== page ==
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Some people have unique immune responses that block Covid

A team of scientists has identified previously unrecognized immune responses that explain why some individuals do not contract COVID-19

The experts utilized single-cell sequencing to investigate immune reactions to SARS-CoV-2 in healthy volunteers as part of the world’s first COVID-19 human challenge study. 

The research was led by researchers from Wellcome Sanger Institute, University College London (UCL), Imperial College London, and the Netherlands Cancer Institute.

Unique immune responses to COVID-19

The study involved 36 volunteers exposed to the virus, with detailed monitoring revealing unique immune responses associated with resisting infection.

“This was an incredibly unique opportunity to see what immune responses look like when encountering a new pathogen – in adults with no prior history of COVID-19, in a setting where factors such as time of infection and comorbidities could be controlled,” said co-first author Rik Lindeboom, a researcher at the Netherlands Cancer Institute.

Basis for new treatments 

“These findings shed new light on the crucial early events that either allow the virus to take hold or rapidly clear it before symptoms develop,” noted study senior author Marko Nikolić, a clinical scientist fellow at UCL.

“We now have a much greater understanding of the full range of immune responses, which could provide a basis for developing potential treatments and vaccines that mimic these natural protective responses.”

Activation of protective immune cells

Using single-cell sequencing, the researchers generated a dataset of over 600,000 cells. They discovered immediate virus detection responses, including activation of specialized mucosal immune cells and a reduction in inflammatory white blood cells. 

Individuals who cleared the virus immediately showed unique innate immune responses, influenced by high pre-exposure activity of the gene HLA-DQA2. Those who developed sustained infections had a rapid blood immune response but a slower nasal response.

“As we’re building the Human Cell Atlas we can better identify which of our cells are critical for fighting infections and understand why different people respond to coronavirus in varied ways,” said Sarah Teichmann, co-founder of the Human Cell Atlas.

“Future studies can compare with our reference dataset to understand how a normal immune response to a new pathogen compares to a vaccine-induced immune response.”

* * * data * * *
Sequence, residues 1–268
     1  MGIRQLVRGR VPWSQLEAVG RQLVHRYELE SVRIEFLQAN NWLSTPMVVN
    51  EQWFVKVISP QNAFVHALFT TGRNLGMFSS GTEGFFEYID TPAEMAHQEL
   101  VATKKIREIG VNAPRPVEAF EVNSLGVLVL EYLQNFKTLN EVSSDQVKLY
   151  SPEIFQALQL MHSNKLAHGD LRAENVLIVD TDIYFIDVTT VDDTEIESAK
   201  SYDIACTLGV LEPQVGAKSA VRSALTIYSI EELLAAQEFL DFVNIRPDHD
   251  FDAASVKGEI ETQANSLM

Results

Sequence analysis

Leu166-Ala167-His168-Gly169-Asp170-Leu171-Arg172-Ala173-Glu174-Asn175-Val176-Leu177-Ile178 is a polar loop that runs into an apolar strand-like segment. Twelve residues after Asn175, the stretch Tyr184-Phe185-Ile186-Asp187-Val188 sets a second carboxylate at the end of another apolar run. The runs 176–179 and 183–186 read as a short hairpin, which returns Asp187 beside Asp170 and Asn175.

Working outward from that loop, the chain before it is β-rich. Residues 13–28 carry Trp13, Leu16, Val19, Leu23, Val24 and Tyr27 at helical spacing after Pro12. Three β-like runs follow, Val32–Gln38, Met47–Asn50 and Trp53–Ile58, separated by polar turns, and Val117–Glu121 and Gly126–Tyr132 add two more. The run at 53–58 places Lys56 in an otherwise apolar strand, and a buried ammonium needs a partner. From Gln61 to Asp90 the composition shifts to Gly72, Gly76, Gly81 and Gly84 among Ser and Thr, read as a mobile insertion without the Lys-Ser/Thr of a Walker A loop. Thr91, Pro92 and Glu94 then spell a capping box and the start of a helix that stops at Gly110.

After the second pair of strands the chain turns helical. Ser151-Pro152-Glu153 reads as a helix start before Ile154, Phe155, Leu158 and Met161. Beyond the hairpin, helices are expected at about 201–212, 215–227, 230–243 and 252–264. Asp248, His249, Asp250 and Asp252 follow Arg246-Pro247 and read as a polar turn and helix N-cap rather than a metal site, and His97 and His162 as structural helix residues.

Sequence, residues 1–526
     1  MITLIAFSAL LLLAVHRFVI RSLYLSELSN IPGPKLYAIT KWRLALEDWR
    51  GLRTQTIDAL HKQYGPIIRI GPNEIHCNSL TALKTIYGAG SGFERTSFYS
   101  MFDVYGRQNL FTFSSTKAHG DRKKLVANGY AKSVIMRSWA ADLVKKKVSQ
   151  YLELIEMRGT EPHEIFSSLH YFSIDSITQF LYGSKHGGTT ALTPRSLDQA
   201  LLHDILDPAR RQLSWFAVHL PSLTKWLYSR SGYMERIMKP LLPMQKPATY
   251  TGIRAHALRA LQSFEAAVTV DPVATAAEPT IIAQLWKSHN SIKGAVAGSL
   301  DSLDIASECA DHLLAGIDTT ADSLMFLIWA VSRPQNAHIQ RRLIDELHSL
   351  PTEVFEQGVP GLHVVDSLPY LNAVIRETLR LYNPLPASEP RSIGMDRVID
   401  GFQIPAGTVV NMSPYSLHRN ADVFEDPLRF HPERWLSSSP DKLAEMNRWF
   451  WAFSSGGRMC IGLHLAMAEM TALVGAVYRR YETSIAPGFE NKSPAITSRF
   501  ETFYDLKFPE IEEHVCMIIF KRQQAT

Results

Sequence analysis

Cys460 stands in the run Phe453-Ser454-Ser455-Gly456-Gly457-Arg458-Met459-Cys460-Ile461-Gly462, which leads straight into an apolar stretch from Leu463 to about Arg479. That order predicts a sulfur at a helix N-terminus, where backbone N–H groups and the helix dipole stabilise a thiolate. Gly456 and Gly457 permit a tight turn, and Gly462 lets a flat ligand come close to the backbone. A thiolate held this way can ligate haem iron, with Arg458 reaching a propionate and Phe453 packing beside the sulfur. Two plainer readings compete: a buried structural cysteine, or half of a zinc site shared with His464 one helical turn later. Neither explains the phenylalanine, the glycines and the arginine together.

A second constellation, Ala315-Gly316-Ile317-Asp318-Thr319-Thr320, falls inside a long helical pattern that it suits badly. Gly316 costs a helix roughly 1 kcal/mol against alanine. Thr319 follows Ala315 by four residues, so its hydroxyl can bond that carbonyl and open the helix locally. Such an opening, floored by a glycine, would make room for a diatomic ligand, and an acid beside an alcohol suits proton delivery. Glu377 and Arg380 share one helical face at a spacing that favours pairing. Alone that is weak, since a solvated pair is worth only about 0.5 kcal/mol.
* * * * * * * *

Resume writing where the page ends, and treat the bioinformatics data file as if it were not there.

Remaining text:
Critical insights into immune responses 

The study also identified patterns in T cell receptors, offering insights for targeted T cell therapies.

Shobana Balasingam from Wellcome emphasized the value of human challenge models in understanding the body’s response to infectious diseases, highlighting the need for such studies in low-resource settings to develop effective tools and treatments.

This research provides critical insights into immune mechanisms that allow some individuals to avoid COVID-19, offering potential pathways for improved therapeutic strategies and vaccine designs. 

By understanding these natural protective responses, scientists can better inform the development of treatments and preventive measures for COVID-19 and other infectious diseases.

How does Covid invade the body?

COVID-19, caused by the SARS-CoV-2 virus, invades the body through a multi-step process. 

Point of entry 

Initially, the virus enters the body primarily through the respiratory system, as people inhale droplets containing the virus from an infected person’s coughs, sneezes, or speech. The virus can also enter through the eyes, nose, and mouth. 

Attachment to cells

Once inside, the virus targets specific cells in the respiratory tract by using its spike protein to bind to ACE2 receptors on the surface of these cells, which are abundant in areas such as the lungs, heart, kidneys, and intestines.

Fusion and cell entry

Upon binding to the ACE2 receptor, the virus’s membrane fuses with the host cell membrane, allowing the viral RNA to penetrate the host cell. 

Virus replication and assembly

Inside the host cell, the viral RNA takes control of the cell’s machinery, directing it to replicate the viral RNA and produce viral proteins necessary for creating new virus particles. These new viral particles are then assembled within the host cell.

Once assembled, the new viral particles are released from the host cell and proceed to infect neighboring cells, thereby spreading the infection throughout the body. 

Immune response 

The body’s immune system responds to this invasion, often leading to inflammation and symptoms associated with COVID-19, such as fever, cough, and difficulty breathing. 

In severe cases, this can result in complications like pneumonia, acute respiratory distress syndrome (ARDS), and multi-organ failure, as the immune system’s response can cause significant tissue damage.

The study is published in the journal Nature.


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